Audi TT (2014-present)

The third-generation Audi TT maintains the good looks and strong image the car is famous for

Strengths & Weaknesses


Sleek styling
Enjoyable to drive
Economical diesel


High cash prices
Very cramped rear seats
No four-wheel-drive diesel
Best finance deal

Audi TT Coupe (2014-2018) 1.8t fsi sport 2dr

Finance price £285 per month

Cash price £20,000

Audi TT prices from £17,300   Finance from £285 per month

The Audi TT is a very popular two-door coupe that has rock-solid image, combined with decent performance and handling. This third generation model has been on sale since 2014, but has maintained a modern feel with digital dials behind the steering wheel and a dashboard media display. It's also available with some extremely frugal engines that offer suitably sporty performance alongside decent fuel economy.

Key rivals for the TT include the closely-related and now discontinued Volkswagen Scirocco as well as the BMW 2 Series and Porsche Cayman. Tough competition, but the Audi’s sleek looks, high-quality interior, long list of standard equipment and strong resale values all count in its favour.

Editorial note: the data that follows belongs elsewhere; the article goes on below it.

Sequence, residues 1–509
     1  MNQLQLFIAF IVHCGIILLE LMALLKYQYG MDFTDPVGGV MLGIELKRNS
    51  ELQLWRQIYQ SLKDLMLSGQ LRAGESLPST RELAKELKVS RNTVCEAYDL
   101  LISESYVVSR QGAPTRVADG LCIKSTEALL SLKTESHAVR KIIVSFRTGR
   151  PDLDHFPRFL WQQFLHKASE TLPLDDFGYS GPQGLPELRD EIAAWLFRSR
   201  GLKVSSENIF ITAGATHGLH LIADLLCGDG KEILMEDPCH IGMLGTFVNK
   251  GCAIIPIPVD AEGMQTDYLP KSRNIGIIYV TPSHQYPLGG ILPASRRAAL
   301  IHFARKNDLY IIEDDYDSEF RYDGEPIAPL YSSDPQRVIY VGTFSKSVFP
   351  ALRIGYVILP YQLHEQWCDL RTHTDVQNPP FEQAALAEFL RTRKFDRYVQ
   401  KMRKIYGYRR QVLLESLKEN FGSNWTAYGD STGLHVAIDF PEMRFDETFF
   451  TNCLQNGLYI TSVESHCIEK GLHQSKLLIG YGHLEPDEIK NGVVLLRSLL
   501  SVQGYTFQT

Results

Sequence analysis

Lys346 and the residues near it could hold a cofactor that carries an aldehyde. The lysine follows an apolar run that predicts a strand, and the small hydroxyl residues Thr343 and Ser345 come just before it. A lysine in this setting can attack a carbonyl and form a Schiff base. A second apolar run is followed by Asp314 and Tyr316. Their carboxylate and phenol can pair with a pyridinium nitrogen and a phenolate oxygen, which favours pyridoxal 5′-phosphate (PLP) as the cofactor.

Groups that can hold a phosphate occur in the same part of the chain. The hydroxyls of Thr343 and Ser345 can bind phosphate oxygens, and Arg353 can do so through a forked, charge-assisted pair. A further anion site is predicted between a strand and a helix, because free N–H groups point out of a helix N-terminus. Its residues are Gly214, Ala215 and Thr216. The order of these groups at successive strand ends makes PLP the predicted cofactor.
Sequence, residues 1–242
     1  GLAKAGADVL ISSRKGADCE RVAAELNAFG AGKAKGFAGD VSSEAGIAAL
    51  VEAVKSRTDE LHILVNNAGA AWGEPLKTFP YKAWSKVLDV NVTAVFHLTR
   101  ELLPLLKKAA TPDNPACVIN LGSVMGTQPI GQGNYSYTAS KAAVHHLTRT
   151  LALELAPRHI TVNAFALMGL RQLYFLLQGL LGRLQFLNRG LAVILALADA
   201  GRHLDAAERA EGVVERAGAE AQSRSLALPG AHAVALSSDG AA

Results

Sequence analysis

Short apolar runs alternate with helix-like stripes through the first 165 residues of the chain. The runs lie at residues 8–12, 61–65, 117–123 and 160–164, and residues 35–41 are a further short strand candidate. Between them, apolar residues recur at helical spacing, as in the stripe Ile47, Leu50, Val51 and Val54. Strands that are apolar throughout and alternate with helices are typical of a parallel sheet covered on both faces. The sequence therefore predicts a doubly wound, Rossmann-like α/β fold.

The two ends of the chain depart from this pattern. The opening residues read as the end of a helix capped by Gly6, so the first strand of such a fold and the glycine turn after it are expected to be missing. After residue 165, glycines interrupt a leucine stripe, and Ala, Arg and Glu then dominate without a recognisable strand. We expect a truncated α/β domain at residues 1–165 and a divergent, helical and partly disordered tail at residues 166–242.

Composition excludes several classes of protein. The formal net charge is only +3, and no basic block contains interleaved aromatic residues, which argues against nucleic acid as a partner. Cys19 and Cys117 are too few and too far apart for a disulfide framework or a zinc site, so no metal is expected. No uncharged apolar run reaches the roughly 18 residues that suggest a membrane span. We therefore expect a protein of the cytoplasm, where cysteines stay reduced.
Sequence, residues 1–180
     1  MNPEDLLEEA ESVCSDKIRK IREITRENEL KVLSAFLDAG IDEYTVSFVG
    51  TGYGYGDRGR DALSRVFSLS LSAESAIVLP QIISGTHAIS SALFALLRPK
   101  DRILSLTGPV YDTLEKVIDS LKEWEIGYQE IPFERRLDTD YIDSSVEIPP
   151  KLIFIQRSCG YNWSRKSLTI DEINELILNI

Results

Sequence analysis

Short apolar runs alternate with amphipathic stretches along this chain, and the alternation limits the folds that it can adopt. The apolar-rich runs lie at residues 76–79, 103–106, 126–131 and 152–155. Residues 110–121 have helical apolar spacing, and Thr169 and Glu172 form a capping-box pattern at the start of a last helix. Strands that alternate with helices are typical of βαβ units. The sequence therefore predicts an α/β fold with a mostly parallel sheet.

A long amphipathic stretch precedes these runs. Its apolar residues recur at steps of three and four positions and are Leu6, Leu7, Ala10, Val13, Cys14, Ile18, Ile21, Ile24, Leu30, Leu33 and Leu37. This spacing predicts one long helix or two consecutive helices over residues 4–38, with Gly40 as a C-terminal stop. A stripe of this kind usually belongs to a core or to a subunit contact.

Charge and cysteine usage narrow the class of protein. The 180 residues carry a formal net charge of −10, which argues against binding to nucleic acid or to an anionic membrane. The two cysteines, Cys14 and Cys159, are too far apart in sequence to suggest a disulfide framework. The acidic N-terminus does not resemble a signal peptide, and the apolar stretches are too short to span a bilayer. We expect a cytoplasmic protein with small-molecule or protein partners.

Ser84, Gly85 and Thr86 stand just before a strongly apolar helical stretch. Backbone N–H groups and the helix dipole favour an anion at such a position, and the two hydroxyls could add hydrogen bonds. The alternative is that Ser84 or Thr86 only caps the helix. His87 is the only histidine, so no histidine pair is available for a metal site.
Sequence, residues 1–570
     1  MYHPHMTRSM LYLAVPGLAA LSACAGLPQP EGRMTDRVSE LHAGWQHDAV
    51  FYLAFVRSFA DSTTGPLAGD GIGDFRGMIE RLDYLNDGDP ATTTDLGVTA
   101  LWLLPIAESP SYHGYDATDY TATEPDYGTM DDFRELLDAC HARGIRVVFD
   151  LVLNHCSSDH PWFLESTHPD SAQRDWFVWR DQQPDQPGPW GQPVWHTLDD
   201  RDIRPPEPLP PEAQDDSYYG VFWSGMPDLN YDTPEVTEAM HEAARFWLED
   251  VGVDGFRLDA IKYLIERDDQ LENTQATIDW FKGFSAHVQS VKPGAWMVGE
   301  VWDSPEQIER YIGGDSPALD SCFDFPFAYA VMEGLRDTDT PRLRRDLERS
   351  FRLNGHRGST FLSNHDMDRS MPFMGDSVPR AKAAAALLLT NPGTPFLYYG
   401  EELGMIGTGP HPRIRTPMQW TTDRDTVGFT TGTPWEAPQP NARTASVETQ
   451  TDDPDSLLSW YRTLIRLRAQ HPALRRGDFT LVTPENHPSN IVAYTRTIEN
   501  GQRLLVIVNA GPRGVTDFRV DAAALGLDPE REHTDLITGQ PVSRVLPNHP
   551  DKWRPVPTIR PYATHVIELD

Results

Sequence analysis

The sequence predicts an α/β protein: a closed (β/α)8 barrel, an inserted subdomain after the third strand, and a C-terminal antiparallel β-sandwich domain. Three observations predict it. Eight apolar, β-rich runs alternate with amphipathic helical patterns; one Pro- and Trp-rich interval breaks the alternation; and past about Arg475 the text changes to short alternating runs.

The BMW and Porsche still have it beaten when it comes to sheer driving fun, but the gap isn’t as big as it has been with previous versions of the TT, which revolved more around style than an exciting drive. The Audi wins out for day-to-day usability, though. While it’s not ‘practical’ in the conventional sense of the word - with tiny rear seats - it’s a lot easier to live with (and cheaper to run) than many sports cars, thanks to its surprisingly large boot and rear seats that fold down for even more space. Fuel economy is also quite reasonable.